Dhanawat J*, Kumbhar P**, Honavar P***, Samant PY****.
(*Second Year Resident, ** First Year Resident, ***Assistant Professor, **** Additional Professor, Department of Obstetrics and Gynecology, Seth G.S. Medical College and K.E.M. Hospital, Mumbai, India.)
Acute pancreatitis is inflammation of the pancreas generally triggered by activation of pancreatic trypsinogen, followed by autodigestion if untreated. Pancreatitis in pregnancy is a rare phenomenon, although acute episodes in mothers having chronic pancreatitis are seen.Here, we present two cases of pancreatitis in pregnant women with varied presentations and outcomes.
Acute pancreatitis is rare in pregnancy with incidence of 1in 1000 to 1 in 10,000.[1, 2] Severity of pancreatitis affects the pregnancy outcome. Causes in order of frequency are gall stones, alcohol, hyperlipidemia, congenital ductal anomalies and autoimmune pancreatitis. Mutations in cystic fibrosis transmembrane conductance regulator gene are also associated with pancreatitis. Gestational age, signs of preterm laboror abortion, chronicity, severity of the disease and the cause of pancreatitis decide the outcome of pregnancy.
Case 1: A 30 year old primigravida, known case of chronic pancreatitis, with 33 weeks gestation presented with complaints of abdominal pain, vomiting and fever since 1 day to emergency services. She had no obstetric complaints of bleeding or leaking per vaginum or decreased fetal movements. She had the first episode of pancreatitis 2 years ago due to pancreatic duct calculi, at which time extra-corporeal shock wave lithotripsy (ESWL) was done, and endoscopic retrograde cholangiopancreatography (ERCP) with pancreatic duct stenting was done. Following this, she had three episodes of acute pancreatitis all of which were managed conservatively. In our hospital, she was started on antibiotics, analgesics and antiemetics. Ryle's tube was inserted. She was started on tocolysis and given two doses of steroids for fetal lung maturity. Her lipase levels were 123.1 units/ liter. Liver and renal function tests were normal. There was no hypocalcemia or hypertriglyceridemia. Abdominal ultrasonography (USG) showed a bulky pancreas and peripancreatic fluid collection. Pancreatic duct showed dilatation of 3.7 mm. Patient improved on supportive management and was discharged. Patient was readmitted at full term in labor and delivered uneventfully.
Case 2: The second case was a 28 year old primigravida, registered at a private hospital on regular follow up. In the first trimester she developed an episode of severe vomiting for which symptomatic treatment was given. At 36th week of gestation, she had epigastric burning and pain. She was treated in a private hospital but there was no symptomatic relief. After a few days she started having nausea and vomiting, when she sought treatment at our tertiary care center. Patient was admitted in surgical care with complaints of severe nausea and 5 to 6 episodes of vomiting in 12 hours, with epigastric pain. Blood investigations revealed hemoglobin of 12 g %, white cell count of 15580 per cmm and normal platelets and blood sugar levels. Amylase levels were 1124 units/l, lipase 3248 units/l. Her serum cholesterol was 131 mg % and triglycerides were 266 mg/dl.. USG abdomen was suggestive of acute pancreatitis. Findings on magnetic resonance imaging (MRI) were suggestive of acute edematous pancreatitis. Patient was started on parenteral antibiotics, intravenous fluids and analgesics. Her symptoms improved.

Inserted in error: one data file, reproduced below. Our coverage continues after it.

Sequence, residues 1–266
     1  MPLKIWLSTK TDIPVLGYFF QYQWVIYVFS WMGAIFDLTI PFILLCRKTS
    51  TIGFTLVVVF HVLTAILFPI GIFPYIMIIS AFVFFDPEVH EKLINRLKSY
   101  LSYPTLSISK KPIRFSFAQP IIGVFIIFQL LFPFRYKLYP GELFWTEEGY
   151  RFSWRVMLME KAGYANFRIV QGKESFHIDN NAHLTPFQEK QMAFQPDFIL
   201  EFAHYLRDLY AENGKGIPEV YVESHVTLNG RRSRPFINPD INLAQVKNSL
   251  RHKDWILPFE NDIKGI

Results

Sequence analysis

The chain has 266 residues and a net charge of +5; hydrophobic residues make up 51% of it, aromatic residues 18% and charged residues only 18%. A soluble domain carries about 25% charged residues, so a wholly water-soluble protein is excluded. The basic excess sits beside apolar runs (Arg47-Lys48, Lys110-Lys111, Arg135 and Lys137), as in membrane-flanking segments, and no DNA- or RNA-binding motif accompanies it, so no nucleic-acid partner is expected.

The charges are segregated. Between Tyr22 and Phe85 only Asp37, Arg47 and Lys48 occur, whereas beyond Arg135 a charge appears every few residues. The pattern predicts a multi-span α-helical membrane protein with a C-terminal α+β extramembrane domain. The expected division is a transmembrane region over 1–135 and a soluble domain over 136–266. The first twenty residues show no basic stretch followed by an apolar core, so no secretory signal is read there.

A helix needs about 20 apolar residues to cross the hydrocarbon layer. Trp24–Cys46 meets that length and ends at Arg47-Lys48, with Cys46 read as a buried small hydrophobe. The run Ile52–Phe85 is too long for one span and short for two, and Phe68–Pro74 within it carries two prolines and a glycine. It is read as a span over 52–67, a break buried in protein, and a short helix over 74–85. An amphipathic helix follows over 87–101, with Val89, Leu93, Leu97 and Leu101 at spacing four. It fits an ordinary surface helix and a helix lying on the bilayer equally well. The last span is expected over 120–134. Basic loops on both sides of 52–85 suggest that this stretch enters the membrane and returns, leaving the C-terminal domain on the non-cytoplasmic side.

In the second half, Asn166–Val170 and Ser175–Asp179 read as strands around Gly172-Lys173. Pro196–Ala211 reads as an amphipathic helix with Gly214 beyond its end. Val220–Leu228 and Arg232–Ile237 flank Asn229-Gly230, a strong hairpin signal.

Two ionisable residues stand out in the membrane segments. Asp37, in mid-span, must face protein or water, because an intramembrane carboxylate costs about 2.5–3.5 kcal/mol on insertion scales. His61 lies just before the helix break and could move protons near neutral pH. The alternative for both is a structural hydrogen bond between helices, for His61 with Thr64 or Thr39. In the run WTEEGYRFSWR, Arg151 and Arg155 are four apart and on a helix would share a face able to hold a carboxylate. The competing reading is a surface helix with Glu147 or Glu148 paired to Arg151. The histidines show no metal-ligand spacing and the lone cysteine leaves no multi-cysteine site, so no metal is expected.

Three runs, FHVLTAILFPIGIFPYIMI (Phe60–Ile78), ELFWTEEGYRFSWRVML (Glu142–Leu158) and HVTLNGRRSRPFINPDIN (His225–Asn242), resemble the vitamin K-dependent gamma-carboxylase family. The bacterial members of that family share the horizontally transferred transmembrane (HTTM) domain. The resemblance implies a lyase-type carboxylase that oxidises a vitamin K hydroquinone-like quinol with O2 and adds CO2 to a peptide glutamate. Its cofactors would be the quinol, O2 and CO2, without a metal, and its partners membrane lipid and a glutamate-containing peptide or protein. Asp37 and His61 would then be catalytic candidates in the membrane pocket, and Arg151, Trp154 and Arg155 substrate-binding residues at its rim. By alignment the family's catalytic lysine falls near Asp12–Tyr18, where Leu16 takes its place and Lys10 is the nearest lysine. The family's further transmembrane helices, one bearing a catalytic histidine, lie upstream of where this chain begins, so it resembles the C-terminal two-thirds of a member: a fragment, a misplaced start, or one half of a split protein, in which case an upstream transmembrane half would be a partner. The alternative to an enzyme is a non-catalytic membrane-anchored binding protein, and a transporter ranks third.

Figure 1. Acute edematous pancreas (arrow).
On day 4 of admission, the patient went into spontaneous labor, progressed well and delivered a male child. Apgar scores were 3/10, 6/10 and 7/10 at 1, 2 and 10 minutes respectively. Post delivery as the baby was unable to maintain saturation, heart disease was suspected and a neonatal 2D echo was done. Baby succumbed at 18 hours of life; post mortem revealed congenital heart disease.
The patient was kept nil per oral and started on parenteral antibiotics, hydration and analgesics. Oral feeds were started after surgery opinion. On day 6 postpartum, patient developed abdominal distension, she was kept nil by mouth, transferred to surgical ward for further management. X ray chest was done suggestive of abdominal distension and bilateral pleural effusion. Conservative management was continued. MRI abdomen was done which revealed acute necrotizing pancreatitis with splenic vein thrombosis.